Get People Talking: Survey Your Primary Care Team on Lactation SupportNov 30, 2022
Primary care breastfeeding support needs to be individualized to your practice. Asking questions and learning your clinic’s perspectives about breastfeeding helps generate discussion and encourage collaboration. We've found that, in general, health care providers and administrators know breastfeeding is beneficial, but quantifying the needs of your practice and gauging interest provides a personal touch.
Previously, I suggested conducting a provider survey at your practice to:
- prompt discussion about breastfeeding
- identify potential barriers to providing more comprehensive lactation support
- identify educational needs of providers
- determine interest for change.
Below are examples of survey questions we have found useful. To access a full survey with questions and responses, see Appendix A and B from our paper on Translating Team-Based Breastfeeding Support into Primary Care Practice.
Survey questions to get people talking
Are there barriers to discussing breastfeeding with your patients?
Our study found that 74% of providers thought there were barriers to discussing breastfeeding at visits. Specific challenges included:
- limited time during visits
- limited clinical training on how to manage breastfeeding issues
- families not interested in discussing breastfeeding
By far the most common concern was not having enough time, with approximately 80% of participants identifying this barrier.
There is not enough time in the day for primary care providers to provide all recommended counseling. A recent study estimated that if PCPs were to provide all recommended US Preventive Services Task Force recommendations, it would account for 131% of available physician time. The expectations are unrealistic. When there is not enough time, patients do not receive all the needed support. Breastfeeding support is time intensive, and to address the “not enough time” concern we need creative solutions. Team-based lactation care is one option.
Which of the following is a barrier to infants being breastfed at your practice?
Rather than looking at all potential barriers to breastfeeding like social norms, returning to work, and lack of family support, this question assesses the barriers at the health care provider level of care. Common challenges described in our study included: families are not well informed about breastfeeding, providers are not receiving the help they need, and there is not enough lactation consultant staff available. Almost 80% of providers thought families did not receive lactation support they needed.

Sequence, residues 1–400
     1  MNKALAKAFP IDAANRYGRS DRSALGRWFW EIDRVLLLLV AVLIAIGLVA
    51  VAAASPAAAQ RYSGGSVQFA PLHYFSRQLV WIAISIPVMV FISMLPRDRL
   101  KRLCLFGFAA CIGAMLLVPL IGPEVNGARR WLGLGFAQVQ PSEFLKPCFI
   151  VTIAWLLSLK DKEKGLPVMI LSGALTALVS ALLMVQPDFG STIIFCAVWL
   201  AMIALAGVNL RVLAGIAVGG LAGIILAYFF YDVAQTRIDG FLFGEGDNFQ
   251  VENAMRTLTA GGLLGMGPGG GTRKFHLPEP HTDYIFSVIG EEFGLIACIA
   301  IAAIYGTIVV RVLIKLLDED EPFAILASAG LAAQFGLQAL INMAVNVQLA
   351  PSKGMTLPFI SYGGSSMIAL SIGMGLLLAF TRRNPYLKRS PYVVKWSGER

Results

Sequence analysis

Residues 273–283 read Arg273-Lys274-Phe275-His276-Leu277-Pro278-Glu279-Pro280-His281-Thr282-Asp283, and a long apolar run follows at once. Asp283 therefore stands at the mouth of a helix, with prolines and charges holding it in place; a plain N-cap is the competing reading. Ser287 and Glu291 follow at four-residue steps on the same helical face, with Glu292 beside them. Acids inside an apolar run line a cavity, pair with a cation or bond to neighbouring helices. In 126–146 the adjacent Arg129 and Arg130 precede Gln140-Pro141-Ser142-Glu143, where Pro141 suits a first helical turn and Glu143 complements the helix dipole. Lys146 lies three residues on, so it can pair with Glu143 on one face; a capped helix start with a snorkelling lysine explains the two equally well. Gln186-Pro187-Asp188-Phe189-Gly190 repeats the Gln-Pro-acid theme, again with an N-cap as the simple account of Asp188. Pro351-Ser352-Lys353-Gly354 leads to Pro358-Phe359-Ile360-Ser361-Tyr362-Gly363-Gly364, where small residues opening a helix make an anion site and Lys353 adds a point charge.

How confident are you of your ability to manage common breastfeeding problems competently?
Studies repeatedly identify limits in medical education regarding breastfeeding, and physicians report being ill-prepared to counsel families with lactation challenges. Our survey personalized this to the practice level and found that only 6% of the surveyed clinicians stated their medical training prepared them well to support breastfeeding families who are navigating challenges. Most medical providers were not comfortable managing issues like tongue tie, difficulties with infant milk transfer, and methods of supplementation. By conducting the survey, the practice was able to target specific areas of education. Targeted education can help improve clinical outcomes.
If your patients are having breastfeeding difficulties beyond what you can address in the office visit, what do you do?
This question opens up the discussion on providing breastfeeding support at your practice. By locating a clinical need and the fact that patients are referred out (in the study, 50% of providers needed to refer outside the practice!), you have identified a need for more clinic time. If you have a breastfeeding champion at the practice, this question may quantify a need for further support and help advocate for protected time on that provider's schedule. It also provides the opportunity to discuss the creation of another service line and explore the development of team-based LC/PCP lactation support.
What would help you provide better breastfeeding support to your patients?
When asked, PCPs consistently request more time and education, along with having a lactation consultant on staff. Studies in hospitals show improved outcomes with IBCLC on staff. The US Preventive Task Force recommendations include direct support for families during breastfeeding and training primary care providers about breastfeeding and how to support.
Identify the low hanging fruit
Conducting a survey may help identify changes that will get quick buy-in without much cost. This can be a great jump starter to encourage change.
Generate and share your story
Once you have survey information for your clinic, you can create a personalized narrative describing a path forward for your practice. This narrative becomes a critical component of the business case for clinical changes. Each practice’s narrative will be different, but here is a template that might help you get started:
The AAFP recommends breastfeeding counseling should be part of routine pediatric preventive care. Yet, primary care providers (PCP) are limited by training and time during routine visits to provide all recommended counseling. Eighty percent* of our providers do not think mothers received adequate support and 58%* identified inadequate lactation consultant staff as a barrier. Given a core mission of our practice is primary care support and optimizing the health of our patients, early breastfeeding support is critical to this mission. We have the opportunity to improve this support by having PCP’s partner with lactation consultants during the primary care visit to address these barriers.
~ Ann M. Witt, MD, FABM, IBCLC
*(individualize based on your practice’s survey)